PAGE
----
But I’d rather be far more direct, simple, for you see, this post is one of those extremely rare ones where I’m urging you to do the bare minimum.

Go the speed limit. Do not exceed it. If you need to make it easier on yourself, or you have a lead foot, use cruise control (for most cars the minimum for this is 60kph). As you drive, pay attention to your breath, to the periphery of your vision – live in this space.

Listen to music if you wish, but my caveat here is that you must dance, sing along, and bounce to the beat. Enjoy your life, enjoy the now – it’s the only one you have.

As a caveat, I will admit I do enjoy driving in sports cars, even as a passenger, and I would be a hypocrite to say that it isn’t fun to drive a little fast (keep it safe folks!). But in those situations, driving is part of the experience – a Sunday ride on my motorcycle through a set of the local twisties or taking the top down on the convertible for a weekend away in wine country is completely acceptable and understandable. Here, the car and the company is integral to many as part in parcel with the destination – just be wary not to make it a habit in daily life.

Conscious vs Unconscious – Active Existence

At the end of February, I broke my ankle. It was a bad break, and it has left me to run my empire from the couch. One thing it has rather painfully reminded me of is that we cannot take anything for granted: our mobility, our independence, can be whisked away at a moment’s notice.

This also prompted me to re-evaluate conscious existence: how much of your day passes without creating any sort of meaningful memories? How often do you find yourself daydreaming, or in autopilot? How many hours are your thoughts racing without any result or direction?

Don’t panic if you often find large chunks of your day disappear without much conscious involvement. It’s actually so common that it’s considered normal. We always seek some sort of “break” from our mundane, day-in, day-out activities – some sort of distraction. Yet the departure we seek is often unreachable, or rather the state of relaxation and peace we seek feels unsatisfying. This is because we are looking to escape..from escape.

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You can’t escape a life that you aren’t consciously  engaged in. Without active living there’s no escape.. but what you’ll find, if you grab life head on, that suddenly you don’t want to run away.. because you know those little moments? When you pour a fresh cup of coffee, the steam swirling a pungent cloud into your nostrils, when you hear the first few notes of a song from your rebellious youth, when you bite into a fresh croissant as you walk from one meeting to the next? That’s what makes life worth living, makes existence so sweet. And why would you want to run away from those?

So, as you go about your daily schedule today, start consciously  appreciating the small things. Even if you have to book an appointment with yourself.. Try sitting on a park bench, closing your eyes, opening your ears, your nose, and live within that moment. It might take a few repeat sessions, but you’ll get hooked on life – I promise.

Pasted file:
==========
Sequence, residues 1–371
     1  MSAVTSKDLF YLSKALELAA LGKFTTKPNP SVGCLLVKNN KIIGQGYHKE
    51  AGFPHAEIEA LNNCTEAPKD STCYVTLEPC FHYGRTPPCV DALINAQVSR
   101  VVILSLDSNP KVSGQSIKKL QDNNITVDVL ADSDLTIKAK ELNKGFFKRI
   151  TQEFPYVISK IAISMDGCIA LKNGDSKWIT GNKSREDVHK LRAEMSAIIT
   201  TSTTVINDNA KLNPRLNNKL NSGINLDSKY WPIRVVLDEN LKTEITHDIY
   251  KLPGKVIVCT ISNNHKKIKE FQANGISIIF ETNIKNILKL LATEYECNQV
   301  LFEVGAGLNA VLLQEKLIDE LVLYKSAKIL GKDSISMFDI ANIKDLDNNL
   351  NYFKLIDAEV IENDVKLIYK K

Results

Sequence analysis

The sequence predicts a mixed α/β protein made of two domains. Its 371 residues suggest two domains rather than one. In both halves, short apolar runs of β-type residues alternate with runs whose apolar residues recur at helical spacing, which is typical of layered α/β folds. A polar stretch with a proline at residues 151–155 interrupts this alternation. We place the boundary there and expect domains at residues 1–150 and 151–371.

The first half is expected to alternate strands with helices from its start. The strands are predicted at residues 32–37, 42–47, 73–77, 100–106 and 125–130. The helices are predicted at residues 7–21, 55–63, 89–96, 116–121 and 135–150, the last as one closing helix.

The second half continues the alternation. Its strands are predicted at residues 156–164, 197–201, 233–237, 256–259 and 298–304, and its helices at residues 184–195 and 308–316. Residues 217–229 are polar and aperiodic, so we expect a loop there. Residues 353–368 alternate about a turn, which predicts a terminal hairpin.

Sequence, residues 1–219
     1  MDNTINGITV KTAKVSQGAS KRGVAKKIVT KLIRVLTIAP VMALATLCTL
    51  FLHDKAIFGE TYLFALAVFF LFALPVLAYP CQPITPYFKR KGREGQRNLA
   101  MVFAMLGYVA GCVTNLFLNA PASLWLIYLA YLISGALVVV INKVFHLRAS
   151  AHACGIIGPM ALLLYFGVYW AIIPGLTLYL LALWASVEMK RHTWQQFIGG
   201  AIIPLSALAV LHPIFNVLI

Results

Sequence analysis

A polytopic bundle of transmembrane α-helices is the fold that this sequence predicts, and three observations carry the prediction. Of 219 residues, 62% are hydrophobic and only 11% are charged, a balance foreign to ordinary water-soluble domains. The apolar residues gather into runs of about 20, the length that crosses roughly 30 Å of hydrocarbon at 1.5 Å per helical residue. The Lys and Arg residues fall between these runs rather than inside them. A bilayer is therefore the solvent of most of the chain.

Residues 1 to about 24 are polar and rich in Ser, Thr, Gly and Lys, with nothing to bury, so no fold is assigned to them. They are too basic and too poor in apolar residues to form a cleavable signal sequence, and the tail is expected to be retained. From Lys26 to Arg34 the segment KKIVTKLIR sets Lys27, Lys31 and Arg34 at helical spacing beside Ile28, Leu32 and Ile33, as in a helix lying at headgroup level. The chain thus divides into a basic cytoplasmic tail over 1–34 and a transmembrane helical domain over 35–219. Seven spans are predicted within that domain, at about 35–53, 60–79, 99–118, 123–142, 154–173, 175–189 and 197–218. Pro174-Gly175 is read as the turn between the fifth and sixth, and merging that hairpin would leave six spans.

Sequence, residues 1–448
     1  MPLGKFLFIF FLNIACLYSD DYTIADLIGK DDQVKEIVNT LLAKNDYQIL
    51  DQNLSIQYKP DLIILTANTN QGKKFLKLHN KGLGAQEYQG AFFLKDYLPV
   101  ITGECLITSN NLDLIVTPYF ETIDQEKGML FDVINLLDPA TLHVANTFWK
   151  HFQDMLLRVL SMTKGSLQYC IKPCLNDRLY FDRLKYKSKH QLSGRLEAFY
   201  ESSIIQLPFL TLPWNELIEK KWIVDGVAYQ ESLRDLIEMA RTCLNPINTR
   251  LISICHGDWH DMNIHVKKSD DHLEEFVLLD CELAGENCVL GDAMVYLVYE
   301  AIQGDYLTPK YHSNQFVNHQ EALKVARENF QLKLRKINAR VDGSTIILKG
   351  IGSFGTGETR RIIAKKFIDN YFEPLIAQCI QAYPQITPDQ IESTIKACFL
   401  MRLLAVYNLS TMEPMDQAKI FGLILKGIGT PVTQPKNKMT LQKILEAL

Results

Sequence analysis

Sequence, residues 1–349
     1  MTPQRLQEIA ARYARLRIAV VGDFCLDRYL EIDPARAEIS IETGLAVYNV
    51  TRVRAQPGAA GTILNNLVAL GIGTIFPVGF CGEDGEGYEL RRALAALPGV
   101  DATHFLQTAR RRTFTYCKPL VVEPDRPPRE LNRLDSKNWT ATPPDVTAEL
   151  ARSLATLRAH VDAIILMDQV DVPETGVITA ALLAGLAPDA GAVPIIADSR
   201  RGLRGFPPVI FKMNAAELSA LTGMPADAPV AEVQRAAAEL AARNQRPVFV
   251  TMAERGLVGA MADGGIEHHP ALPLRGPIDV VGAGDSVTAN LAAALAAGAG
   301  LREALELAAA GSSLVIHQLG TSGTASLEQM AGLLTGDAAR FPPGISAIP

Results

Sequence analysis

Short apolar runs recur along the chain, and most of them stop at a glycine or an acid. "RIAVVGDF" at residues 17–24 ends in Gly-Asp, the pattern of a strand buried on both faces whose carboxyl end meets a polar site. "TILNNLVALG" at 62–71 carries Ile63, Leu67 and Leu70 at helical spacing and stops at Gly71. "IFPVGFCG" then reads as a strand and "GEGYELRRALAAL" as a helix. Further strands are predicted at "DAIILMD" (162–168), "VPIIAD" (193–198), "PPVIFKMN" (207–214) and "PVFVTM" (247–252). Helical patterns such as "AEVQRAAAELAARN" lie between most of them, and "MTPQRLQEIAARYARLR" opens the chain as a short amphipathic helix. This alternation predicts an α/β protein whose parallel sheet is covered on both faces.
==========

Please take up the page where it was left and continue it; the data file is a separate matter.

Guided Assistance

I returned to Canada from a trip overseas for a family funeral, elated and awoken, like I was being reborn. A few days before I left, I started to sit daily again. Today marks the 17th day in a row that I’ve sat on the mat, and is the longest daily streak. One of the techniques that I have employed that has allowed me to reach this ongoing goal is to not employ any one technique.

All-we-have-is-nowInstead of creating a strict time period to spend on the mat, or to practice a single doctrine or “established Buddhist path” (such as Zen, Vipanassa, and so on) I’ve just made it a priority to sit daily. While in the UK, I experimented with counting breaths using a Zen Mala, a gift from an old friend who returned from Korea, and his own family funeral, discovering that a 20 minute session is approximately 160 breaths. This awareness now allows me to meter my sessions without having to rely on a mechanical or electrical timer. My sessions were also almost exclusively late evening sits just before midnight.

Since my return, I’m back to morning sits, and today, I experimented with a guided meditation. This ~25 minute audio session takes the listener through relaxing their entire body, one piece at a time. While it instructed the listener to lie down for the session, I elected to sit Burmese on my zafu, as is my normal posture.

By the end of the session, I was truly present, mindful, and extremely relaxed. I also felt connected with myself, and with the world. Confidence is but a side effect of being present, and I’m pleased with the results. I plan on repeating this guided audio journey a few times a week to see if it cultivates a laid back, broader awareness not only during my “regular” zazen sessions, but also in the rest of my life.. I hope to recognize my discomfort in my anger, sadness, stress, basically “caught” a state of “reactivity”.. There’s something that feels off..

Our minds have a natural pull towards mindfulness and peace, but we’ve taught ourselves to accept this reactive state, that it’s normal to dwell and overthink this feeling of disquietude. Yet the more we sit, the more we actively train ourselves to relax and to become mindful, the more we recognize how alien this philosophy is, and how unhealthy our vibrations are as we stew in this discomfort.

I’m sharing the guided meditation with you now, as a public Dropbox link. Unfortunately I found it quite by accident, and have no one to credit for the file. I hope you enjoy it as much as I do.. It will give many of you a way to sit for almost 30 minutes, perhaps impossible to imagine, or achieve, without months of practice and training.